4th Of July

For almost 60 years, I have been alive to witness the enthusiasm children have for the 4th of July. For me it started on the east side of Wichita in the early 50's and the summer fun with firecrackers. We would wake up on the 4th all excited and spend the day blowing up things with firecrackers and eating. Dad would grill hamburgers and we would eat them with mustard and potato chips all washed down with Pepsi. We were pretty poor so the nighttime fireworks was mostly limited to a package of sparklers or two. While they are pretty, the chance of stepping on a hot sparkler wire took a lot of fun out of it.
During the 60's, the United States was as confused and war torn as today. Seems like the entire world wanted the era to be symbolized by the US flag flying at half mast or in a burning pile somewhere. I remember the fireworks but not near as much the firecrackers as the fireworks displays in the evenings at one drive-in theater or another. By the late 60's, I found myself in uniform and during the darkness we wanted it absolutely dark. If there were bright lights and rockets screaming, it was for real.
It took a few years f the 70's to settle the war and the gas lines made it an interesting time. By the late 70's the main worry for most of us was how to make a living and pay our debts with inflation kicking in. 12% for a home loan was about average and wages weren't keeping up. But, the 4th of July became a fun holiday with the birth of our son and his wide eyed amazement at the fireworks.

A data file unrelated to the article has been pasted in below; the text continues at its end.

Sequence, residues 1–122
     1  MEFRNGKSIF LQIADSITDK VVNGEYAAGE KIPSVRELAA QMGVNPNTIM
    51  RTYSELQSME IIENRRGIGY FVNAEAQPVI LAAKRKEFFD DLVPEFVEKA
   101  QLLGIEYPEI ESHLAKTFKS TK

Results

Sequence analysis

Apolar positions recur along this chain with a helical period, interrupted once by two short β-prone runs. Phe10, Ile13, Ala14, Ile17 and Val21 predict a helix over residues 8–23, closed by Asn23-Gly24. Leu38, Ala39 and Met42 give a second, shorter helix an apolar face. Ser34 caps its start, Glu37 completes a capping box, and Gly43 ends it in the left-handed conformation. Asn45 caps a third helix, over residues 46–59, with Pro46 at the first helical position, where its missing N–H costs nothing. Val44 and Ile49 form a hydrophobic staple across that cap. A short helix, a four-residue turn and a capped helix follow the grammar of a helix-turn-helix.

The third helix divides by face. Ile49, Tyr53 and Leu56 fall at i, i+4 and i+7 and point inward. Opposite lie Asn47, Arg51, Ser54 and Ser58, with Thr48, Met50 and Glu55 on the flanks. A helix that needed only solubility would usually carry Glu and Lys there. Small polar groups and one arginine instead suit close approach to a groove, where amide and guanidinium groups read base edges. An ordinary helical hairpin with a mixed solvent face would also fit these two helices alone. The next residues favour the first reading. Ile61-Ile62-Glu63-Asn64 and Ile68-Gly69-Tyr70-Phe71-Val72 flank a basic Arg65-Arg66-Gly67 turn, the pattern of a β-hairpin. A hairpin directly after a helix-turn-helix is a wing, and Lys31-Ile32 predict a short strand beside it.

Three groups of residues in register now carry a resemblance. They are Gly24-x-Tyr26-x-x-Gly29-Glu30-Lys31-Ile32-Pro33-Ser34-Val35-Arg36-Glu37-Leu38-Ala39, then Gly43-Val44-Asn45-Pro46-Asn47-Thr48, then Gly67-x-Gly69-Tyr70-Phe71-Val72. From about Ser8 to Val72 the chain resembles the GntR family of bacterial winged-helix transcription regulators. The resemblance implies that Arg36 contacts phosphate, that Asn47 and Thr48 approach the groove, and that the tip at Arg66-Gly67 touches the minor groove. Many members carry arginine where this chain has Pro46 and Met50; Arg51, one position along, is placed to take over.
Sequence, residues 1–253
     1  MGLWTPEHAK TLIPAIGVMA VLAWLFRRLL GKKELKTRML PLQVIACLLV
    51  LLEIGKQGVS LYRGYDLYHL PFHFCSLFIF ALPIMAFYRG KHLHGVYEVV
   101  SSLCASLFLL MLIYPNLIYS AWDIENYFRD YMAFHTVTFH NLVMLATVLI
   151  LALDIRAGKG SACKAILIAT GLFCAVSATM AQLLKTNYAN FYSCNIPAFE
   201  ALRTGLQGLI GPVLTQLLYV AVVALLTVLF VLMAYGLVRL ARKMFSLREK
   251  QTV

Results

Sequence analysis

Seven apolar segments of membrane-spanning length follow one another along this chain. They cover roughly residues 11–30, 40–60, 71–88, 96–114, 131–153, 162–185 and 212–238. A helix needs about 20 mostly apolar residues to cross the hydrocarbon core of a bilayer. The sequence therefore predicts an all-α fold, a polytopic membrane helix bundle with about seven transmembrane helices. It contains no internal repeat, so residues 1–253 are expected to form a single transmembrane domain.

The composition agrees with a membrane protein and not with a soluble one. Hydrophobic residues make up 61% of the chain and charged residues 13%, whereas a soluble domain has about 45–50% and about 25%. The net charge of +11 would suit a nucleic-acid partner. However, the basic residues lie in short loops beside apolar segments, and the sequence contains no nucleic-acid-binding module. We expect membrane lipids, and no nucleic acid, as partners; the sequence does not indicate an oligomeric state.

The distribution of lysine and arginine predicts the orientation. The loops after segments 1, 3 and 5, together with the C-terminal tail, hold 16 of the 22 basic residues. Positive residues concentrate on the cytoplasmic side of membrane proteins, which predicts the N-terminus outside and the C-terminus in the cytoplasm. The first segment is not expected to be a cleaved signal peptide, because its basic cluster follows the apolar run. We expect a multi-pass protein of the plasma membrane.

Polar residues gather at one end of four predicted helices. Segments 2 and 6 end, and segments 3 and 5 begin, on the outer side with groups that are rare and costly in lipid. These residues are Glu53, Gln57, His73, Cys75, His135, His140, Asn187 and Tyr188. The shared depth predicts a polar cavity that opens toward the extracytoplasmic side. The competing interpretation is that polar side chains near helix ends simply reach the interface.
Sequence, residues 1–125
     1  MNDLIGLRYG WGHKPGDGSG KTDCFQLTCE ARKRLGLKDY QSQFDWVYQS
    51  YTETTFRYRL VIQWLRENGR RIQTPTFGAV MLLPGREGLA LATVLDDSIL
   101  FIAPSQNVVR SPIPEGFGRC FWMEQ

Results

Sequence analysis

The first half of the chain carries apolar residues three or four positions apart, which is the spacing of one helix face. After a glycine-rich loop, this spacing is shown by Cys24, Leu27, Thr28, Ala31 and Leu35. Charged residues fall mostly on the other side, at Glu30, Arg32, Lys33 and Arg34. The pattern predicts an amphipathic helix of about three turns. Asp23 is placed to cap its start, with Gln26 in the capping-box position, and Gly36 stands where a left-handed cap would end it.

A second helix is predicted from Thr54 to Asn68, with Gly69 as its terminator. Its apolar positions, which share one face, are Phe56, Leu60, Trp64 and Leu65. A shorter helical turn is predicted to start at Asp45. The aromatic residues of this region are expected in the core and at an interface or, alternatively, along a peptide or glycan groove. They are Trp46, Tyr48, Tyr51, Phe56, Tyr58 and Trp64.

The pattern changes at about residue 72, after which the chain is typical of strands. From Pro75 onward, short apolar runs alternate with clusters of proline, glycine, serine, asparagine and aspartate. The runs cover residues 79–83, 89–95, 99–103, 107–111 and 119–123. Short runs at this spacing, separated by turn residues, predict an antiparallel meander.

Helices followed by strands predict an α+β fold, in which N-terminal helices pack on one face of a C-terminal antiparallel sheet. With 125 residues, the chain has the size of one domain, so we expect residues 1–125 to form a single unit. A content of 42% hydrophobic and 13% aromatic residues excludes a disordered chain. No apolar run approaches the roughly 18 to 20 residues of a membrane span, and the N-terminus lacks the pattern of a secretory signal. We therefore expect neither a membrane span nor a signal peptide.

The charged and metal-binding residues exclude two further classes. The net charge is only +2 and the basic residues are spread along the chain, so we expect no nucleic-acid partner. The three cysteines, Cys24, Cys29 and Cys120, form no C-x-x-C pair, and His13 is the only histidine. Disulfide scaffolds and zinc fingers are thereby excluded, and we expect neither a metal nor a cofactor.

During the 80's, I was again in uniform but in the Guard and trying to live the good life as best as we knew how. I was a proud American and took great pride in saluting the flag each morning as I went to work. We did have a little excitement in 1983 as a tornado ripped our house off the foundation but hey, we were OK and the house was only things. I'm pretty sure that if I look hard there are still a few things that have dirt on them in the storage room that date to 1983. Our son continued to grow up and he really discovered fireworks for the wonderful way they blew up things. One of his favorites was the little paper tanks. He could take three or four of them and a small package of fireworks and spend hours setting off the tanks and then blowing them up. During this time we did a lot of grilling and hamburgers were still high on my list of favorites. For a couple of years we spent the evening of the 4th over at my sisters watching fireworks being set off in their back yard and at the lake Sherwood by all of the other neighbors.
The 90's were mostly a blur as our careers kept us busy and the events of life kept our attention. We all waived the flag as our troops came home form that border war to free Kuwait from Saddam's illegal incursion. The local veteran's group also sponsored a welcome home parade for the Vietnam Veteran's and invited us to be in the parade. Finally got to walk in a parade proudly and be recognized for my service.
As the 90's ended, so did my wearing of my uniform. From 1966 to 1997 I wore the uniform of my country proudly. The flag is a symbol of my nation and I have the same pride today as I did when I first wore green.
We have let the politicians again return the flag to a less respected spot. It flies as a symbol of Freedom and remember that the walls are to keep others from coming here, not to keep us in. It must be a pretty damned special place to attract the hatred of the rest of the world. I think they want exactly what we have and are as willing to die to get it as we are to protect it.
Today I hope you can be as proud of our country as I am. It never was perfect but it is damn near as good as it gets. The price of freedom is high and we need to be glad we paid the price.

1 comment:

  1. Amen to that... this is the best country there is! I salute *you* too, my friend.

    Have a happy one!